Dave, Brian, and Tracy had significant prior experience in Asia. They knew what would work and what wouldn’t work. There were few qualms about what was required, and there was no resistance to the significantly different approaches. Indeed, the different approaches were embraced. Management was flexible and adaptable.


The company made appropriate levels of investment at the right times.


The BU embraced partners (in this case, traditional distributors) to leverage their starting small position, built up a network of seven distributors and provided them close support.


Strong Footprint
The BU relied on their sister BU for office space. Additionally the company had operations in China for many years prior. Well established services like HR, Finance, and Logistics allowed the BU team to focus almost exclusively on relationship and business development.


Local Technical Support
The BU quickly invested in local engineering resources to engage directly with client technical staffs.


Strategic Patience
The BU faced some local competitors who offered inferior product at lower prices along with certain incentives to decision-makers. Not accepting a “China-good-enough”  approach since the products were safety-critical, the BU adopted an educational strategy to share with clients why they should purchase the superior product.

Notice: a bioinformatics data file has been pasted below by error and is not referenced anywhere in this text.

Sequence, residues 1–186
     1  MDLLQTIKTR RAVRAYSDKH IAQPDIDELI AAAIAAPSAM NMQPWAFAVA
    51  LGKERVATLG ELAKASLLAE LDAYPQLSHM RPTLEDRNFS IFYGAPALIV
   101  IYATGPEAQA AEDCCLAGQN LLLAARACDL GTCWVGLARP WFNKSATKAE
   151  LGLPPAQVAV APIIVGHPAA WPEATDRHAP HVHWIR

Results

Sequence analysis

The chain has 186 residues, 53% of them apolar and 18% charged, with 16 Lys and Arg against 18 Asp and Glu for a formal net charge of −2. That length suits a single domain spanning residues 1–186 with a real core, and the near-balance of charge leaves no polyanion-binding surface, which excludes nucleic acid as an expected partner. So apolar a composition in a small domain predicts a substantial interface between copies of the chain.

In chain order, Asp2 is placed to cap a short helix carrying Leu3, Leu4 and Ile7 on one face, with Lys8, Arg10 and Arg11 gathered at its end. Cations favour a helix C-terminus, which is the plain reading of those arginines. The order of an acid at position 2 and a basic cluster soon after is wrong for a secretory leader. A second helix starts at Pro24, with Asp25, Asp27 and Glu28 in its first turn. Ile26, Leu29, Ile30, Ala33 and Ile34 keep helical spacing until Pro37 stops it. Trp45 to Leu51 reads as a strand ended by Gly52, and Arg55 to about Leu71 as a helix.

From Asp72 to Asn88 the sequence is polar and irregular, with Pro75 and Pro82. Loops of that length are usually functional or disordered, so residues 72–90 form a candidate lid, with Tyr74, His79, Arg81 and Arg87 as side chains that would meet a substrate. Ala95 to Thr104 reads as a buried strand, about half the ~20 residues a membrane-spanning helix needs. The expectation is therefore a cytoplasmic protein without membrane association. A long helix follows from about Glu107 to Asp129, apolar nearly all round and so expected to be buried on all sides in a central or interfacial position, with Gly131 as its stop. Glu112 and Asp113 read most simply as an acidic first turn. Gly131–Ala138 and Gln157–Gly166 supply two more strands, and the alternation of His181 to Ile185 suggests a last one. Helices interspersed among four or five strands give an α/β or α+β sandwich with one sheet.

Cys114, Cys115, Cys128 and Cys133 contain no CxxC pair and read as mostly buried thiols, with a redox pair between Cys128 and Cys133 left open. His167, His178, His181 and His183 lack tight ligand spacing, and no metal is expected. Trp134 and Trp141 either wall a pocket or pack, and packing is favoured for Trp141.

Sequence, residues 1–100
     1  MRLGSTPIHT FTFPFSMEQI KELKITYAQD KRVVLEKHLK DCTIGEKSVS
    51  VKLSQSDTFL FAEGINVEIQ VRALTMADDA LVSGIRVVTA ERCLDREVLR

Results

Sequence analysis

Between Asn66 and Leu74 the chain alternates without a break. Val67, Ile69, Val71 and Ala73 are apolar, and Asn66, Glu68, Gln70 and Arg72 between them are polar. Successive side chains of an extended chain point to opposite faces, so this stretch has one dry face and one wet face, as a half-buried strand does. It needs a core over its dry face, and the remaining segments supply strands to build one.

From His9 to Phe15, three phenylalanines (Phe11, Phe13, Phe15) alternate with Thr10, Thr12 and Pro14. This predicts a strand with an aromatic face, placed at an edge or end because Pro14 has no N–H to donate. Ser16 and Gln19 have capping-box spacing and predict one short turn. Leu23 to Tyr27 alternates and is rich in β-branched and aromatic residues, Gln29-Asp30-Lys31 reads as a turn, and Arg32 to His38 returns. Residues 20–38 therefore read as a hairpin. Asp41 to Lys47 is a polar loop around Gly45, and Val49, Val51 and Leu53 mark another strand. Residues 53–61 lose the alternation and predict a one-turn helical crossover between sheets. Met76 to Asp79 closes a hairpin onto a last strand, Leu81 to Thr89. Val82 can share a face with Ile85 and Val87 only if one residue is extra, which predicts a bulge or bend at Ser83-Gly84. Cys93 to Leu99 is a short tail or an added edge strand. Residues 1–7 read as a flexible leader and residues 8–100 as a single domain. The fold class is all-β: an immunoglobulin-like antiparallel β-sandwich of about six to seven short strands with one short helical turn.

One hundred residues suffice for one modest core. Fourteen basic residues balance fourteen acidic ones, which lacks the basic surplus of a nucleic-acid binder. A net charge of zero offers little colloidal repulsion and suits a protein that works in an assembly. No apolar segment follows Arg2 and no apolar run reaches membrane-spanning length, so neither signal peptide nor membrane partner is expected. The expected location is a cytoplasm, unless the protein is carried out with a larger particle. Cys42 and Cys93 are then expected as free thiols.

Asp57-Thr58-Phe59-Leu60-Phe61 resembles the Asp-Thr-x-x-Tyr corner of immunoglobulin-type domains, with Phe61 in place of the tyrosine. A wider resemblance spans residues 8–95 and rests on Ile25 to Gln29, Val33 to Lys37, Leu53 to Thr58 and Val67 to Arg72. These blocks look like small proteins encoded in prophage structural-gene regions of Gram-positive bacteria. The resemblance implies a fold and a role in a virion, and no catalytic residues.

Chinese clients expect a certain amount of “free” goodwill. To find a win-win in the face of this environment, the BU developed a strategy to offer free training in the technical field served by their products and services.


As there is often high turn-over of staff in China, and training of the constant in-flow of junior staff is a challenge for local firms, this offer was warmly embraced. The benefit to the BU was that their local engineering staffs responsible for the training formed close relations with all the clients’ new junior staff. Whenever a client staff member had a problem, they called the BU’s trainer, thus connecting the sales and business development people to a constant flow of new opportunities.


China Case Brief 2: Electronic Systems Producer

The Background

The Raineight team accepted a 12-month assignment to assist a producer of safety-critical electronic control systems to develop their market in China. Annual revenue was less than USD20MM. The client had 25 years experience in the market, and were somewhat established in a very small niche primarily in the US and UK, with some business in Europe.


The Challenges

The client was new to China. They had one seasoned, quite capable business development team leader with deep experience in the industry but also no experience in China.


We faced recruiting challenges for sales staff in China from the beginning as the target job description was one familiar to the West and which fit the profile of some of their similar senior Western staff. The problem, however, was immaturity of the market in China - such targeted senior staff don’t exist in China as the segment is still quite new in China. We finally recruited one senior business development manager, but he could not join for 4-5 months. Just before his joining-date, he had to decline due to personal factors.